J-K Industrial Policy: Old wine in a new bottle

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Among the reasons given for abrogating Jammu and Kashmir’s limited autonomy and its statehood was the promise of a new era of development and industrialization that would bring prosperity in the region — even if not to the natives, as the fine print would suggest.

After imposing a series of new policies to steer the future of J-K, prominently the domicile law and the opening up of lands to outsiders, the regional administration — under New Delhi’s direct oversight — has now rolled out a new industrial policy on 19 April.

The nine-year policy was adopted to “address the challenges faced by the industry and to create a sustainable, balanced, progressive and competitive ecosystem” in the poorly developed land-locked Himalayan region thousands of kilometres away from seaports.

The policy supersedes the previous industrial policy of 2019, which was statedly “more focussed towards the traditional cottage industries”, to encourage industrial expansion. However, response to the industrial policy within J-K is muted; perhaps, knowing well that the policy is part of the authoritarian Bharatiya Janata Party’s broader vision for the region.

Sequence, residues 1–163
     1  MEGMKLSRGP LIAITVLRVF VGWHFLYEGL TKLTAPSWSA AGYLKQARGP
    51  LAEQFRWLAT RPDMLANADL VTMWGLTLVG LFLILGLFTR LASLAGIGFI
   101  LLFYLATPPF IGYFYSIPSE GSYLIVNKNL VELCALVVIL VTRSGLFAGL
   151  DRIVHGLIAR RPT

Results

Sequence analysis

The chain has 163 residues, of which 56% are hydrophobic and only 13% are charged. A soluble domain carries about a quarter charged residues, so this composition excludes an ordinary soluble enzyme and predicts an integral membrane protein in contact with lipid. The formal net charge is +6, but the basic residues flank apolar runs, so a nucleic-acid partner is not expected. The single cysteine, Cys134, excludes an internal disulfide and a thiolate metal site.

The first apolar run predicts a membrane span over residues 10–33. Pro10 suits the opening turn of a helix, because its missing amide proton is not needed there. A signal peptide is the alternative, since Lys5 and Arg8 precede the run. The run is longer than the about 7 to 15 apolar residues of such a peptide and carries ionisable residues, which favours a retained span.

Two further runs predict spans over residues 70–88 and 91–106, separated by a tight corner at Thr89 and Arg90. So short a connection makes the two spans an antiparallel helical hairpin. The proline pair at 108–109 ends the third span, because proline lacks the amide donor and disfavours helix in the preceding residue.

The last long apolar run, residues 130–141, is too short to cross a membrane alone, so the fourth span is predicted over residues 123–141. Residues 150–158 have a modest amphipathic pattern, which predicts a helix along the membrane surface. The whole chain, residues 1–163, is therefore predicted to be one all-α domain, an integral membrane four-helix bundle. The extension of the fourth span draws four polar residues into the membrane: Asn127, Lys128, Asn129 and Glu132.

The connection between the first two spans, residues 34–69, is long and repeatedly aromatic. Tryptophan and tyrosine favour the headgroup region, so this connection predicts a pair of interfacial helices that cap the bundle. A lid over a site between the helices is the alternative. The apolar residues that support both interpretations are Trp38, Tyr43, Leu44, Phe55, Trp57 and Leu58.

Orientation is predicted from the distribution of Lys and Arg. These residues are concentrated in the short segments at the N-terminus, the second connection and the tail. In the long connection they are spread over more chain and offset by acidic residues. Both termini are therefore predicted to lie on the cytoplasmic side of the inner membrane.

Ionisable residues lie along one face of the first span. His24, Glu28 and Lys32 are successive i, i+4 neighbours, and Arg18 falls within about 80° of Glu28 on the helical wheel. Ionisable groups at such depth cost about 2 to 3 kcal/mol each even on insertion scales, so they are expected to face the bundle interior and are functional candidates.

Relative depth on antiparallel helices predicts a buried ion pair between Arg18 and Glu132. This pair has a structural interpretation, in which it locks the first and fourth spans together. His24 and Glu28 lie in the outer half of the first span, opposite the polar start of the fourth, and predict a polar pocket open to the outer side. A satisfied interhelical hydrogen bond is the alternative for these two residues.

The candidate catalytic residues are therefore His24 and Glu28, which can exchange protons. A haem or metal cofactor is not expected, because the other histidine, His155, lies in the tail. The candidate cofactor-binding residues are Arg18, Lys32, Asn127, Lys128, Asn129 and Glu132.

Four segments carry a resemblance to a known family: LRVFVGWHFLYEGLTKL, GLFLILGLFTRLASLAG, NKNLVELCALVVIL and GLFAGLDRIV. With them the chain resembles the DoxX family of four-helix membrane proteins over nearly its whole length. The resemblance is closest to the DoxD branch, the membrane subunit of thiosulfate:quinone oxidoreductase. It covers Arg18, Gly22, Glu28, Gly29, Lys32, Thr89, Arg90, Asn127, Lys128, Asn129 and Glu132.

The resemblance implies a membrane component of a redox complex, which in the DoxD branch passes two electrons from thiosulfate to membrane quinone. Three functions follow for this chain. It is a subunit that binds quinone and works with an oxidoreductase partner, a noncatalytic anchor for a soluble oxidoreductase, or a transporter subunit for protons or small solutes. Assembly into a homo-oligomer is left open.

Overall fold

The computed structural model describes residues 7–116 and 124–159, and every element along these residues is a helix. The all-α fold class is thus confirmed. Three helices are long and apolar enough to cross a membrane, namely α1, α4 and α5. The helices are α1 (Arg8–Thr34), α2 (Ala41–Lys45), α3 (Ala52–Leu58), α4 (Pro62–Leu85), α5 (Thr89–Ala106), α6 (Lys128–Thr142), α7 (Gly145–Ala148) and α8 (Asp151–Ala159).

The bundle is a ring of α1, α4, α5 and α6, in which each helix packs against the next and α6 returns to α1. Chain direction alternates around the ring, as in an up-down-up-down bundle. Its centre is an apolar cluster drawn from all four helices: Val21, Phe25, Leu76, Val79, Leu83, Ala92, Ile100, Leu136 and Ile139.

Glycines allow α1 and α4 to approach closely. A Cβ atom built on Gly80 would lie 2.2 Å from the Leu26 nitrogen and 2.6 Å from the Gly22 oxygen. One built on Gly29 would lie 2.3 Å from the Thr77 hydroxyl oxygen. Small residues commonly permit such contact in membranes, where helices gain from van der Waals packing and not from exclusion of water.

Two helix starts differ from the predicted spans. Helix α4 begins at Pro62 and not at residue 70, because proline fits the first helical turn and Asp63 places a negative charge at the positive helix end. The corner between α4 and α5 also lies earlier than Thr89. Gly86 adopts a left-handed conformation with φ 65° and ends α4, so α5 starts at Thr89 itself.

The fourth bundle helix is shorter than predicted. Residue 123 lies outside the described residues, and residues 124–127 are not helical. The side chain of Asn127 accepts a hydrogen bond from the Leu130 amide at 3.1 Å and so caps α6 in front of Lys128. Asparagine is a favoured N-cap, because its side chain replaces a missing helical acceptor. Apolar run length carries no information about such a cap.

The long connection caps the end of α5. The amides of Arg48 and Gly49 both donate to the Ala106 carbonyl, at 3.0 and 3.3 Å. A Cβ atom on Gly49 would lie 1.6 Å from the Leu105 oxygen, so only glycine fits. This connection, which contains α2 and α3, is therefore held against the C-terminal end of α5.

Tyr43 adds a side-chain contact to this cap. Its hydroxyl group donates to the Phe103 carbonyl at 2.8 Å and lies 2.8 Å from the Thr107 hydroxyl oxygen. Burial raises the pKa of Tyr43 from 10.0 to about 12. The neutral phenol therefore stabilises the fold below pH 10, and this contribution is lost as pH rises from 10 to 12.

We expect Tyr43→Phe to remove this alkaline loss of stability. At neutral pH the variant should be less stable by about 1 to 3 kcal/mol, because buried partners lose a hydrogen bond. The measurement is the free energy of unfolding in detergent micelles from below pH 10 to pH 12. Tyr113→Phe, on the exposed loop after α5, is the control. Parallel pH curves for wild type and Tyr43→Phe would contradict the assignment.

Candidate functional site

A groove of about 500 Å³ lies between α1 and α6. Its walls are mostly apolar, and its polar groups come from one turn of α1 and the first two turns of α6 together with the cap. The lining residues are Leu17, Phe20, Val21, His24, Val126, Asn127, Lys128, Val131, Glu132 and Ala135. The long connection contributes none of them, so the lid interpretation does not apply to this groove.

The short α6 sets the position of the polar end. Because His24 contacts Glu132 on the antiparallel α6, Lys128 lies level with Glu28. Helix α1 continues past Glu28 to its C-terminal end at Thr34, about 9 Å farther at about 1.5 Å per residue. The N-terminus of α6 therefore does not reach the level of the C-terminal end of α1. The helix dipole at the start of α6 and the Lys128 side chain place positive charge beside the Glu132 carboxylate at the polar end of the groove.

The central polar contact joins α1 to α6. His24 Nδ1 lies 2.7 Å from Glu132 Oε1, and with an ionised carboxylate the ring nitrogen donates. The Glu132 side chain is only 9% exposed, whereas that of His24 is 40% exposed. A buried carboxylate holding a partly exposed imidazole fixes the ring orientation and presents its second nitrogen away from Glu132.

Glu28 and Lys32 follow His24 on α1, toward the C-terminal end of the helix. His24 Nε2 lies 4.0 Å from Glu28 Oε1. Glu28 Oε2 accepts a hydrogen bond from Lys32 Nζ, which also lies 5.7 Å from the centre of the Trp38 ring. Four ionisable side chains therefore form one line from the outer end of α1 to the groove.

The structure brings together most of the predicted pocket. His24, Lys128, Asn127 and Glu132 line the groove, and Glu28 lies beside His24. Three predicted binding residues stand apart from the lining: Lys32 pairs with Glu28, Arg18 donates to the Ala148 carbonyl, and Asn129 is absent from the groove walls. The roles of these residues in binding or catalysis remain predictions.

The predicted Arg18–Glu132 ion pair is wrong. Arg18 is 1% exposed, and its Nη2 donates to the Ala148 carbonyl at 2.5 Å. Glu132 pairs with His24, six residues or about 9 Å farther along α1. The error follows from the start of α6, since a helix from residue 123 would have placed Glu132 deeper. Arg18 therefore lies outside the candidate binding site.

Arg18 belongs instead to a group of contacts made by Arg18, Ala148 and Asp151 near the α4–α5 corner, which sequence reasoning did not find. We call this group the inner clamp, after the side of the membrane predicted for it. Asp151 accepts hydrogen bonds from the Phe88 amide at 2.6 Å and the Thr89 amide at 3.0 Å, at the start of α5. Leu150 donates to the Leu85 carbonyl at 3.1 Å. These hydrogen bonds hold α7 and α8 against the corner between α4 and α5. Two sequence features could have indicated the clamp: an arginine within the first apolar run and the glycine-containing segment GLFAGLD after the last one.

Unlike the previous policies, non-local investors will now find it easier to avail benefits of this policy. The new industrial policy has included new sectors — tourism, hospitality, education, health, and renewable energy among others — offering subsidies on the purchase of generators, pollution control, and automation technologies. 

‘Chicken or egg situation’

It is the best policy to boost industries that Annil Suri, a Jammu-based entrepreneur for over three decades, has seen. Unlike Kashmir, the Jammu region owing to its relatively more conducive political environment and all-weather road connectivity with mainland India has seen greater industrialisation.